MEMORANDUM OF DECISION AND ORDER ON DEFENDANTS' MOTION FOR SUMMARY JUDGMENT
Plaintiff Gerald MacIntosh brought the present action alleging breach of contract, malicious prosecution, libel, and violation of Chapter 93A against Interface Group Massachusetts-Com., Inc. d/b/a GWV International and TAESA Airlines after he was removed from an airplane at Bradley International Airport in Connecticut, arrested, jailed and charged with a breach of the peace. This matter is before the court on the defendants' motions for summary judgment pursuant to Mass.R.Civ.P. 56. For the reasons discussed below, defendant GWV International's motion for summary judgment is ALLOWED. Further, defendant TAESA Airlines' motion for summary judgment is ALLOWED.
The undisputed facts as contained in the summary judgment record are as follows. Defendant Interface Group Massachusetts-Com, Inc. d/b/a GWV International (GWV) is a Needham-based charter tour operator which arranges package charter vacations to various destinations. Defendant TAESA Airlines (TAESA) is a company duly organized under the laws of Mexico which provides air transportation. On March 7, 1995, plaintiff Gerald MacIntosh (MacIntosh) contracted with GWV for a vacation travel package to the island of St. Maarten. GWV organized the tour package, issued passenger tickets to the participants, made reservations with the hotels in St. Maarten and arranged both the land and air transportation for the trip.
TAESA contracted with GWV to provide the round trip air transportation between Boston and St. Maarten. GWV sent MacIntosh ticket # 546132 for flight 1427 from Boston to St. Maarten on March 25, 1995 and return flight 1428 from St. Maarten to Boston on April 1, 1995. The ticket identified TAESA as the airline carrier.
Following an otherwise uneventful vacation, on April 1, 1995, MacIntosh and friend Tracie Taylor boarded TAESA's aircraft in St. Maarten to return to Boston. Flight 1428 was a non-smoking flight. MacIntosh was seated in row 23 of the cabin, the second to last row, and there were two lavatories at the back of the aircraft. The plane made a scheduled intermediate stopover at Bradley International Airport in Hartford, Connecticut. Passengers who were continuing on to Boston were asked to remain on board the aircraft due to the short turnaround time and were reminded that there would be no smoking during the intermediate stop. After the aircraft arrived at the gate, MacIntosh told flight attendant Guillermo Blanco Aguilar (Aguilar) that he wished to leave the plane to smoke a cigarette in the terminal. Aguilar told him that he could not do so because there was not enough time.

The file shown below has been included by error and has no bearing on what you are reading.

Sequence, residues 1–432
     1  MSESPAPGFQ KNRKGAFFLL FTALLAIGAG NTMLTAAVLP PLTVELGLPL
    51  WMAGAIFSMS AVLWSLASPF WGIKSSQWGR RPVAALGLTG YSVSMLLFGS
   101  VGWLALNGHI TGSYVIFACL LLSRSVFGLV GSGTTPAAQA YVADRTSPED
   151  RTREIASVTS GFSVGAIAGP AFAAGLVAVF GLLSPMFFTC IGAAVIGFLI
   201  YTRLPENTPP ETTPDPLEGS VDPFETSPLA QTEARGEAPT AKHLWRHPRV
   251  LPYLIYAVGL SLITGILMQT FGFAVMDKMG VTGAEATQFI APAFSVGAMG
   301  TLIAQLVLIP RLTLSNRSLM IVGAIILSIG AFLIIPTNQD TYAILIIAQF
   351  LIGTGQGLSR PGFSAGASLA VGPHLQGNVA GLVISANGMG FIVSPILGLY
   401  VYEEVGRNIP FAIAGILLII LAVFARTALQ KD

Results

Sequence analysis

MacIntosh then entered the rest room in the rear of the plane with a pack of cigarettes in the pocket of his shirt. After remaining inside for two or three minutes, MacIntosh exited the rest room, and another passenger then entered. Less than one minute after MacIntosh had returned to his seat two rows away, the smoke alarm sounded in the rest room. Flight Attendant Aguilar reported to Purser Albert Emil Vavrina Leon (Leon) that the smoke alarm had sounded in the rear cabin and pointed out MacIntosh as the person he believed had smoked in the rest room. Leon informed MacIntosh that it was a federal offense to smoke in the lavatory of an aircraft and told him to come forward to speak to the captain. However, MacIntosh refused to leave his seat.
MacIntosh's comments at this point are a matter of dispute. According to Leon and Aguilar, MacIntosh said that TAESA was a "bullshit Mexican company" and "fuck you and your captain." MacIntosh claims that he said, "I'm not leaving my seat, if the Captain wants to see me he can come here. This is the United States, you know, and I have my rights." MacIntosh admits in his deposition, however, that at some point during the incident on the plane he did use some foul language because he was very, very upset.
Leon went to the flight deck and reported to Captain Norberto Garcia Castillo that a passenger had been smoking in the lavatory and that the passenger was rude and abusive to the cabin crew. Captain Castillo radioed TAESA's ground handling company at Bradley and requested that security personnel come to the aircraft. Shortly thereafter, several uniformed Connecticut State Police officers arrived at the plane and inquired as to the identity of the troublesome passenger, whereupon Leon directed them to MacIntosh. The officers escorted MacIntosh off of the aircraft and took him into the terminal.
MacIntosh told the officers that he had done nothing wrong, he had paid to fly all the way to Boston, there were only twenty-minutes remaining in the flight, and he wanted to return to his seat. When MacIntosh demanded to speak to the captain, the officers told him that the captain did not have to explain his actions or do anything he didn't want to. MacIntosh then stated that he was reboarding the plane and attempted to walk toward the door leading to the aircraft, at which point the officers handcuffed him and informed him that he was under arrest.